The majority of Leadspace Customers are focused on high-quality, high-value metrics that support their respective Sales and Marketing motions to build pipelines and drive Demand Generation. With that said, the quality of key contact-level details such as Verification Statuses, Confidence Scoring and Match Rates are crucial to ensure your programs reach the right person, at the right time. As a reminder, if B2B data decays at a rate of 20-30% per year, on average—not including impacts from the pandemic—that means you’re potentially losing out on 30% of the associated pipeline due to that outdated, corroded data. Now, when you extrapolate that 30% across deal sizes and quantity of deals, you could be looking at millions of dollars of revenue lost simply because your data was out-of-date and not cared for.
Get data quality buy-in across your business so everyone understands its importance.
Data is one of those behind-the-scenes functions that often gets overlooked. If you're responsible for data quality and management at your organization, you'll have great success with your efforts when you get buy-in from stakeholders across the business. When everyone understands that their success depends on quality data, you'll be more likely to get the resources and support you need to strengthen your data management strategy.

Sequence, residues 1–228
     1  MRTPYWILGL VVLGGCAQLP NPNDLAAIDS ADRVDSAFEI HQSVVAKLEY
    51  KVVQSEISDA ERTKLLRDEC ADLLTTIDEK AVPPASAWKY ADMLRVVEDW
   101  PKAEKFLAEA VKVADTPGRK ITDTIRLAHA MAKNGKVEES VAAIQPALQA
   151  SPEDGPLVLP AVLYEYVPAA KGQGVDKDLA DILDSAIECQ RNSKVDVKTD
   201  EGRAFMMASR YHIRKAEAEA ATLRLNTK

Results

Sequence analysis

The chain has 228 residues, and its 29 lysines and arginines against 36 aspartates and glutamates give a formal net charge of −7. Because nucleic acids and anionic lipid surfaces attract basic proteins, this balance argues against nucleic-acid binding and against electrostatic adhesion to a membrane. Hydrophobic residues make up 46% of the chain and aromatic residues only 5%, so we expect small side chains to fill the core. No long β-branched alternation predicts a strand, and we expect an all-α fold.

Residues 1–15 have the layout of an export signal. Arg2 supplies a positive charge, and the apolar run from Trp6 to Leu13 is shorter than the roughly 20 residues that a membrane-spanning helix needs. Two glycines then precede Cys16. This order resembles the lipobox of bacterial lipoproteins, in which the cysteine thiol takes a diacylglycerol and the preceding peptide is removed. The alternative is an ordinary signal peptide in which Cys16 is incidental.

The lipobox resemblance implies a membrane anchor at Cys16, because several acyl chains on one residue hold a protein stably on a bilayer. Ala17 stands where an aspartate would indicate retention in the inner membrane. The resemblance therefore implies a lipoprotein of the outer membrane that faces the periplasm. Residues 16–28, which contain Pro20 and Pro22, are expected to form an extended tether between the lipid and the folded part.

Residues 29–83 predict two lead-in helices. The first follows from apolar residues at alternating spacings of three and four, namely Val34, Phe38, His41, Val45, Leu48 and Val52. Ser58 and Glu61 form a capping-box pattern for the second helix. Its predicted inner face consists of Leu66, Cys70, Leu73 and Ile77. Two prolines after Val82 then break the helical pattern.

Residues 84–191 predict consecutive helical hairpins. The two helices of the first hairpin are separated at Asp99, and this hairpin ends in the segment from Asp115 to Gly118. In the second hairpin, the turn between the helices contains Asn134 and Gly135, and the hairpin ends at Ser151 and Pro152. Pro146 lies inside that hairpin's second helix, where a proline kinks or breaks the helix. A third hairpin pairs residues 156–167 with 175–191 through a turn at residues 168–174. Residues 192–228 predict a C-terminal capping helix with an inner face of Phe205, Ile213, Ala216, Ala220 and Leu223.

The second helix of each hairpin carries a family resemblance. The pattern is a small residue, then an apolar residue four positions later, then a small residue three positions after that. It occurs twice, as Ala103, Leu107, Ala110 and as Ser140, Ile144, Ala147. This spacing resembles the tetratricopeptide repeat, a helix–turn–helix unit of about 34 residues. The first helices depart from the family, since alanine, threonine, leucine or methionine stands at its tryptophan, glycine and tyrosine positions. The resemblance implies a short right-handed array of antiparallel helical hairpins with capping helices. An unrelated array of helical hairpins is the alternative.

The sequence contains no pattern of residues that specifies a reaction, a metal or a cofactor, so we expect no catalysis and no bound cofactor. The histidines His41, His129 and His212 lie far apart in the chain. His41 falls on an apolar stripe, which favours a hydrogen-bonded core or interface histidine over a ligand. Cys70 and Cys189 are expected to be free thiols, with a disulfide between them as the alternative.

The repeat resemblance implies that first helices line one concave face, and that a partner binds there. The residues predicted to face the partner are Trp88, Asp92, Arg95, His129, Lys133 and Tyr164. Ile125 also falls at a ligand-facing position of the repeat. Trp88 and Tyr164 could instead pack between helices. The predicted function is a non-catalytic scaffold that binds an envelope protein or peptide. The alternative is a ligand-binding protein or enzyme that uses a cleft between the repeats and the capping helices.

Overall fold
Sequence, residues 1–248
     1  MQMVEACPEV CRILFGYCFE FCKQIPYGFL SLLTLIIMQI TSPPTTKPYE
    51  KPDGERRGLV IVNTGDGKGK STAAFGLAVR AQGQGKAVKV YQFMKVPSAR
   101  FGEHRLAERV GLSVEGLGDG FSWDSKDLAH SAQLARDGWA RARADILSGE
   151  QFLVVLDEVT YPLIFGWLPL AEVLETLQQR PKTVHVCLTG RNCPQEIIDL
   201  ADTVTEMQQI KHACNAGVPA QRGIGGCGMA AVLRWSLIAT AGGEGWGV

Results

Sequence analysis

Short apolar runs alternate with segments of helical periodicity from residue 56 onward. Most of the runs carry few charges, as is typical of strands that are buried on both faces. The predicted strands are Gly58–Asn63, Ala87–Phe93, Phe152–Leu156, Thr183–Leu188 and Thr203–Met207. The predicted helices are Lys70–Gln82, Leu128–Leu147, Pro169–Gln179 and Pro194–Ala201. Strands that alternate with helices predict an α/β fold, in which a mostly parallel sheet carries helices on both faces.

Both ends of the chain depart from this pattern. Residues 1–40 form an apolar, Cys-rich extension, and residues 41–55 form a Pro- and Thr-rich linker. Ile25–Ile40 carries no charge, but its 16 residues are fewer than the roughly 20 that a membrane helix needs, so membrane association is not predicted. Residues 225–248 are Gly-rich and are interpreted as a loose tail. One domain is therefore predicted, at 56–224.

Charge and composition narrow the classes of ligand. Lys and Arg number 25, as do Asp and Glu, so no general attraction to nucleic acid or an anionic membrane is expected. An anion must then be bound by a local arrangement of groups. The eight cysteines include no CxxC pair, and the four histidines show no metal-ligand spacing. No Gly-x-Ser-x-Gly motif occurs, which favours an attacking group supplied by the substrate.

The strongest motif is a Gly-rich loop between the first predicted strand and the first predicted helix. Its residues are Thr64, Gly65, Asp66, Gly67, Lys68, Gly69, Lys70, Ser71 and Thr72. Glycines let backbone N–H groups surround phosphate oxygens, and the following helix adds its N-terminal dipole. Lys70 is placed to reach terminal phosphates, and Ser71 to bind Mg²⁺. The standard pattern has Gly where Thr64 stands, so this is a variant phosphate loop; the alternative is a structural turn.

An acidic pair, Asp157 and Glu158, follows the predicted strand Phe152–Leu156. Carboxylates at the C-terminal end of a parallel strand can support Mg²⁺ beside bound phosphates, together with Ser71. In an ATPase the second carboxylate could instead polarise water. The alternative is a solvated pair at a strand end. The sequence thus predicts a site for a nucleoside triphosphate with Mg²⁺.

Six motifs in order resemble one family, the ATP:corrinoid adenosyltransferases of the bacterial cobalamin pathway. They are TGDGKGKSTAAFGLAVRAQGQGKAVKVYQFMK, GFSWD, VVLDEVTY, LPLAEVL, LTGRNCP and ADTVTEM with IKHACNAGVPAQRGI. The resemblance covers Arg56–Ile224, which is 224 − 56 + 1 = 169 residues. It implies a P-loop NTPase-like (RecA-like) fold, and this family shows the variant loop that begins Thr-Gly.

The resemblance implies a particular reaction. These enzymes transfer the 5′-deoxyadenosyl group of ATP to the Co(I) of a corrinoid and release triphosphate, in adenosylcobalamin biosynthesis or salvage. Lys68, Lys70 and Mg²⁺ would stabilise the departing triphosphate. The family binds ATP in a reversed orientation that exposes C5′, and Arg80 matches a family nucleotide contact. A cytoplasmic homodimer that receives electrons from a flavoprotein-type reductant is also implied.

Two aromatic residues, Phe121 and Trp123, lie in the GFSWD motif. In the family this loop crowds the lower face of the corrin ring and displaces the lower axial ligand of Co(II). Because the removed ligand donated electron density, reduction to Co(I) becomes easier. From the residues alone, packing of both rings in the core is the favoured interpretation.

An element of buy-in is to Ensure there's a single source of truth across your organization when it comes to your data (whether in your CRM, sales software, etc.).
As we mentioned earlier, if you have several places to store your data and each database has discrepancies, you'll have to choose one to be your source of truth. Deciding which one to choose shouldn't be an arbitrary decision. By performing a data quality audit, you can begin to understand which database is aligned with the data quality characteristics we outline at the beginning of this post.
Our Advice is as follows
- Map out your marketing and sales processes, motions, and channels
- Determine which data are necessary to enable those processes effectively
- Develop a rubric to measure data quality in key domains and define "what good looks like"
To learn more about buy-in and establishing alignment cross-functionally on a defined rubric for Data Quality, review our article on How to Fight Data Decay
Perform data quality audits regularly.
The best way to mitigate a problem is to prevent it. Performing regular data quality audits can help you spot potential issues before they get bigger. Your audit doesn't have to be complex, simply check on the metrics you outlined earlier in this post. You can do this on a weekly or monthly schedule, or even more often if you manage a lot of data.
Leadspace traditionally recommends running quarterly Database Refreshes which are supported by the automatic generation of a Data Health Report which offers unique, deep insights into the quality of the data in your database and allows you to enable organizational alignment on how to improve overall quality.
Dive into the reasons for any data quality failures or notable successes that your team experiences.
Did your team have a great win? Great! Find out why so you can repeat them. Do the same if your team encounters a roadblock. Optimizing your successes and troubleshooting your roadblocks can help your team become more effective at collecting and maintaining quality data.